Snowbirds go further south than our geese.
(Published in the Winnipeg Free Press, Nov. 12, 2000)
OK, hands up, who knows where our Canada geese go for the winter? And by our geese, I mean just the ones that come to Manitoba in summer to breed. Now, hands down, all of you who were going to say "south" or anything else as vague, like "the States" or "Central America".
Don't know? Well, neither did I until last week. Like so many of you, I took it for granted that Canada geese flew south for the winter, and I didn't think about it any further. They're most obvious to us in southern Manitoba during their spring and fall migrations, when large flocks rest and feed along the way north or south. But once they're out of sight, they're out of mind.
I didn't know where the geese went, but I knew who would, so I called up Murray Gillespie and Garth Ball, waterfowl specialists at the Wildlife Branch, Manitoba Conservation and asked them. Here's what they told me.
Each spring, nearly half a million Canada geese arrive in Manitoba to breed. By autumn there may be one and a half million birds, parents and their young, ready to head south. (Natural and hunting mortality will trim the numbers back by the time they return again.) But they don't all go to the same place. There are many different populations of Canada geese in North America. Each population has its own breeding and wintering grounds, and the birds are pretty faithful to these. Geese mate for life, and have a strong urge to return to where they were born to raise their own young. Young birds learn the migration routes and the location of the wintering and breeding grounds from their parents and other adult birds. And it's on the wintering grounds that young birds find their mates from within their own population. So, the populations don't mix much.
Five different populations of Canada geese have all or part of their summer breeding grounds in Manitoba. The furthest south that any of these goes in winter is southern Illinois. The Eastern Prairie population, that breeds as far north as Churchill, can travel as much as 2400 km to winter in the region around Swan Lake Refuge in Northern Missouri. The Mississippi Valley population, that breeds around York Factory, also travels up to 2400 km, concentrating for the winter near the Horseshoe Lake Refuge in southern Illinois. The Western Prairie Population, which breeds in western Manitoba, travels about 1600 km to southeastern South Dakota and northeastern Nebraska. The Rock Prairie population spends summer in southeastern Manitoba; the geese at the Alf Hole Sanctuary in Rennie belong to this group. They fly only about 1000 km to the Rock Prairie Refuge in southern Wisconsin. And finally, the Interlake-Rochester population breeds in the Interlake and winters near Rochester in southeastern Minnesota, traveling only about 1000 km as well.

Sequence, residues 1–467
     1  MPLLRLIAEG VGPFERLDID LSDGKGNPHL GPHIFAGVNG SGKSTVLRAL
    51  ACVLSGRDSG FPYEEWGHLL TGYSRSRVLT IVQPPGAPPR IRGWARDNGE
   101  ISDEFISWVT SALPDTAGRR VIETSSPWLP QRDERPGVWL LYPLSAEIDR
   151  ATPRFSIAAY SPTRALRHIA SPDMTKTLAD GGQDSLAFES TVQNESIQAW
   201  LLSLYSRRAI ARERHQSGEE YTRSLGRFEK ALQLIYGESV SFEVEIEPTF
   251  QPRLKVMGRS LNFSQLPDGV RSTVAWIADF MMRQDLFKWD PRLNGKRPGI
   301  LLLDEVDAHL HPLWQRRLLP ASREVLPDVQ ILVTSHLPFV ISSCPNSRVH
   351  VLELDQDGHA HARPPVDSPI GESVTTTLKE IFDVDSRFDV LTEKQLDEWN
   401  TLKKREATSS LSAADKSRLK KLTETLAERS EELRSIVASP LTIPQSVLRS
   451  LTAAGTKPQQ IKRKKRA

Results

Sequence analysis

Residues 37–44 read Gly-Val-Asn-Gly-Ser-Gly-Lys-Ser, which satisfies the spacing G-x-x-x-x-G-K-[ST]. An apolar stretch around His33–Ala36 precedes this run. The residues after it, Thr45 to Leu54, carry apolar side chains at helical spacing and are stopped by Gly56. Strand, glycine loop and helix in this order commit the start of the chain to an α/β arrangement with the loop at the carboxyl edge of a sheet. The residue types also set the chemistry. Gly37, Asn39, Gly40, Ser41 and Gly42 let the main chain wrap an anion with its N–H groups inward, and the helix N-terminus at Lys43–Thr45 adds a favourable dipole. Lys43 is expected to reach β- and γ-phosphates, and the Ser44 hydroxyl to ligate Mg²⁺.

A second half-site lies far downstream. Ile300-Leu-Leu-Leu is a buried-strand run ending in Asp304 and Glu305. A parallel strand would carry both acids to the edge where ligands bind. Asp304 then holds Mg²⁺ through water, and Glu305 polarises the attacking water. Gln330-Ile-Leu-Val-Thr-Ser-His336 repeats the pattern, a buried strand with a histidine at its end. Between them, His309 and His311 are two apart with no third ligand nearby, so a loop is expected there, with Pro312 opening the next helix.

The geese usually wait for the weather here to turn bad - heavy snow and marsh-freezing cold - before leaving. They also take advantage of favourable winds to make their long migration flights. If they can couple their 60 km/h air speed with a 40 km/h tail wind, that's 100 km/h ground speed. There are records of the Interlake Population making the trip to Rochester overnight!
Why only that far south, why not all the way to the Gulf of Mexico? Well, why go any further than you have to? Geese aren't like human snowbirds, looking for warm weather get-aways. Migration is expensive for them. It is a heavy tax on their annual energy budget. The geese only travel as far as they have to, to reach open water and available food. Open water affords protection and the waste grain in farm fields provides ample food.
Once on the wintering grounds, the geese focus on loafing around, conserving energy. Feeding sorties are interspersed with lots of inactivity and plenty of sleep through the long winter nights.
Some populations of Canada geese used to winter much farther south than they do now, and human activities may be the reason this has changed. Modern farming practices, which result in lots of waste grain; industrial activities, like power plants that keep water bodies open; and hunting pressure, a serious disincentive to going further than necessary; have shifted the wintering grounds of some populations further north.
Have human activities altered more than just where the geese overwinter? What about their numbers and the impacts that millions of geese are having on their and our environments? How would you like a million and a half geese descending on your locality for the winter? A little more on goose numbers and their impact in another column. [Update: Which I never did write back then, guess I shoud do one soon!]
Thanks for reading!
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